Using an emotiv EPOC brain-computer headset, george laskowsky of thinker thing was able to create a three-dimensional shape by directing virtual mutations with his mind, which are controlled using small electrical impulses detectable in the brain. ‘this evolving model is created in a form that can be read by the latest 3D printers,’ says bryan salt, founder of thinker things. it allows us to create real physical objects directed by your mind’, he adds. anyone can use the machine, a user would need to wear the EPOC neuro-headset, which transfers the corresponding brain patterns to a computer program, manifesting a three-dimensional model from a genetic DNA seed. continue reading
Sitting on your couch or bed and having a coffee? With the Wave Cup, your coffee or tea will not spill! The cup has a balancing ring around it so that it can sit on uneven surfaces. Includes a nice grip, but smooth at the top. The capacity of the Wave Cup is 150 millilitres or 5oz.
There are some star players emerging in the growing tech markets and to celebrate International Women’s Day we’re taking a look at the females at the heart of the 3D printing industry.
So just who are these women and how are they steering 3D printing as it develops into a major industry?
These days, restaurant dishes can’t be customized too far beyond requests to hold the dressing or to cook the meat medium-rare.
But thanks to 3D printing technology, along with the proliferation of sensors tracking our activities and tastes, future meals — even mass-produced ones — could be tailored specifically to suit an individual’s dietary needs. A dish someone is served might even be calibrated to the calories she burned that day. Read on
“We want to 3D print long-lasting performance-based designs for the built environment using raw materials that have strength, tactility, cultural associations, relevance and beauty.”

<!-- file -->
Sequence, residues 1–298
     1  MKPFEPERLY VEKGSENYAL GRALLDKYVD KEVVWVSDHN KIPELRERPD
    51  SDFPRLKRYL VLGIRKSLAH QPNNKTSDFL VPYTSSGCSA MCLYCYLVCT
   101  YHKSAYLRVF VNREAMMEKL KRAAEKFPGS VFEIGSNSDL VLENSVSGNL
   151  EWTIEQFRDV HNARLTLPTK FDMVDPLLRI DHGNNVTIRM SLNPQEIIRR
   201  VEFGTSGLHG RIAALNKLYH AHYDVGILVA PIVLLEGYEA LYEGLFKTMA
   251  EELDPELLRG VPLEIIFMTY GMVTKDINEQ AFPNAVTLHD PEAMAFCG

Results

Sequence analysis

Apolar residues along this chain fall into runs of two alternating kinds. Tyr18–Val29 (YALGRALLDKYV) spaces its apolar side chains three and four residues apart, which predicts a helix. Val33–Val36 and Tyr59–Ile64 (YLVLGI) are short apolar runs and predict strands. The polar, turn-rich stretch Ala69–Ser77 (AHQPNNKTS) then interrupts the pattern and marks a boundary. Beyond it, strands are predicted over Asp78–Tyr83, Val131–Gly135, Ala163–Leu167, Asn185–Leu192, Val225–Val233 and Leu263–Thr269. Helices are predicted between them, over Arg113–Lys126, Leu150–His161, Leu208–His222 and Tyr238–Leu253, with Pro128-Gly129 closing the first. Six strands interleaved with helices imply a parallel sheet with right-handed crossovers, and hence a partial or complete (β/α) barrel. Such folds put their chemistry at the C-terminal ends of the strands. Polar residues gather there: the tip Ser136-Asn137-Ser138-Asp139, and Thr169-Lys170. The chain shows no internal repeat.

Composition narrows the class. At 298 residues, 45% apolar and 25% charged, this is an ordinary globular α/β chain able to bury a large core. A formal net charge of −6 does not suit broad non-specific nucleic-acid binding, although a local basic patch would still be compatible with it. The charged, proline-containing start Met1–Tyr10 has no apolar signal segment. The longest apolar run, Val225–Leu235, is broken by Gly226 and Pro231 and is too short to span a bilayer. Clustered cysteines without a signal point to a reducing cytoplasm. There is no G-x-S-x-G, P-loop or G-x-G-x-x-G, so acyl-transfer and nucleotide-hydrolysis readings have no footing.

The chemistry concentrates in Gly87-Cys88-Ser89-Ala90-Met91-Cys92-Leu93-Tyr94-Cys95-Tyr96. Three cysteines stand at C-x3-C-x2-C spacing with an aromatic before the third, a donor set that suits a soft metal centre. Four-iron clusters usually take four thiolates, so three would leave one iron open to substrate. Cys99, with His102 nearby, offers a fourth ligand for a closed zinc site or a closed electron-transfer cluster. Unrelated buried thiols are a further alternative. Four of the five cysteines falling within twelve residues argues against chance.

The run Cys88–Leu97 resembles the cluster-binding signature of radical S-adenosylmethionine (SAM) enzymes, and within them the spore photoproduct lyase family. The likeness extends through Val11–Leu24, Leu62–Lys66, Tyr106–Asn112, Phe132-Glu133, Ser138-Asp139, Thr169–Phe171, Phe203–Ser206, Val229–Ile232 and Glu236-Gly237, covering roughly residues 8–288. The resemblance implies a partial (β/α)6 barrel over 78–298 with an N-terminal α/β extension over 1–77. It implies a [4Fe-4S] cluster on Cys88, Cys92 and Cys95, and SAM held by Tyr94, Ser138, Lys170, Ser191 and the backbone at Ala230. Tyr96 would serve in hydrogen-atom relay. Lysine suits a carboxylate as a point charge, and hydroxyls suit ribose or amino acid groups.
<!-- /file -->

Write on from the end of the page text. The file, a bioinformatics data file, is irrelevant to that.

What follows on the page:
So far, the team and their students have successfully created gorgeous 3D printed objects using salt harvested from San Francisco Bay, wood pulp, and clay, and a standard powerder-based printer. Each of these materials is recyclable, and in some cases, recycled. The results are bricks, components, and furniture that look like they just walked out of a high-end catalog. Continue reading
Can’t wait to see what your baby will look like? Japanese company Fasotec has you covered. The engineering firm can take magnetic resonance images (MRI) of a developing fetus in the womb and convert them into a 3D-printed paperweight of your fetus in white plastic, surrounded by a clear plastic tummy. Fasotec’s main gig is creating 3D prints of scanned organs for doctors and medical students, so fetus keepsakes are something of a promotional sideline. Japanese moms can get theirs for about 100,000 yen (approximately $975), not including the cost of the MRI. Read on
We are still in the Doom days of consumer 3D printing, maybe Doom II at best. I for one am totally excited that 3D printing is ‘the new virtual reality’, and I cannot wait to see what sort of products and technology evolve from two decades of consumer innovation. via
Read on here. Then 3D printing molecules?